Anyhow...

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Okay, this might seem like a stupid question, but why use Assembler for graphics programming? Wont that mean forfeiting use of hardware acceleration available from the graphics card?
But perhaps you just want to use it for software mode in a game?

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quote:
Original post by Ziphnor
But perhaps you just want to use it for software mode in a game?

Exactly.

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Thanks everyone, I hadn''t realized there was any DirectX coding in Quake II.

Ok, what a person wrote about them using assembly --only for doing the actual rendering and other math stuff and not for accessing interrupts...if Quake II didn''t use assembly and instead used what I understand to be a sort of DirectDraw ''emulated ModeX or 13h'', then where does this assembly stuff come into the picture?

Might there be big pieces of assembly code actually sitting in the Quake II source, or is there only DirectDraw code?

The part I''m interested in is the actual rendering and math stuff (i.e., putting a pixel on the screen in software mode and manipulating it), so basically, my question now is, if I were to write a program, using DirectDraw to manipulate bytes, I would be in essence plotting pixels the same as if I were programming 13h in DOS?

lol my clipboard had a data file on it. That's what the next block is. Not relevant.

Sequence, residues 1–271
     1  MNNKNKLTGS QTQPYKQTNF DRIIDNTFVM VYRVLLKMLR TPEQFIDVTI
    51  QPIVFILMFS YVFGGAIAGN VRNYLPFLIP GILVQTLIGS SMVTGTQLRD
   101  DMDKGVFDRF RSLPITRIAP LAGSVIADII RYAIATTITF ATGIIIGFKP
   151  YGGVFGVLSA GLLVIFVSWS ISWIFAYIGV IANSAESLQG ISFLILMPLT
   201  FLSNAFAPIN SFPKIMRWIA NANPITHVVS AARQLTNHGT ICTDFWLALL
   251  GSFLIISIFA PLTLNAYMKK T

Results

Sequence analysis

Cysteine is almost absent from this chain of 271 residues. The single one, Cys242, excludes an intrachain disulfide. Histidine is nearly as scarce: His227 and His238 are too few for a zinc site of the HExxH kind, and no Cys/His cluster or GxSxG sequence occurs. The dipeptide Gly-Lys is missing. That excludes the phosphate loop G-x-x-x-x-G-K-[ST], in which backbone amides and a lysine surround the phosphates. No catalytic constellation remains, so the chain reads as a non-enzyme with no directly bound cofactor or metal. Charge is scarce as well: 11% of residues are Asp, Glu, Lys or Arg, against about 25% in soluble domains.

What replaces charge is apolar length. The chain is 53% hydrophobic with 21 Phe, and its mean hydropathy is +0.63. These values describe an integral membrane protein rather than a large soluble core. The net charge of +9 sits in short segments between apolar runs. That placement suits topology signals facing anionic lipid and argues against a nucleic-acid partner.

Also, would you need some version of DirectX installed to run a program like this? I don''t remember that Quake II required it..

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One other question:

Because DX 8 and the versions afterwards do not have DirectDraw, can you still do modex and 13h stuff?...Or has that capability finally been completly killed off.

Oh and ... *bump*

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DirectDraw is still alive and kicking... you can use mode 13h if you like but I don''t see why you would. In DDraw, it''s a cakewalk to use any resolution, but if it''s 320x200 you want then its all there. Check out this article: http://www.gamedev.net/reference/articles/article589.asp

This will literally hand you everything you need and answer all your questions.

BTW, there''s really no need to worry about assembly yet. You can write your entire game in whatever language and get it to work solidly. After your done, you can look at the areas of your program that are hurting your frame rate and use assembly language to optimize them. Back in the old DOS days, I would write entire games (albeit small games) in assembly. These days it''s REALLY not necessary. Computers are so fast that the bulk of your code can be in C++ and the game will be good enuff. If you want to target an audience with older computers, then go assembly crazy.

Good luck!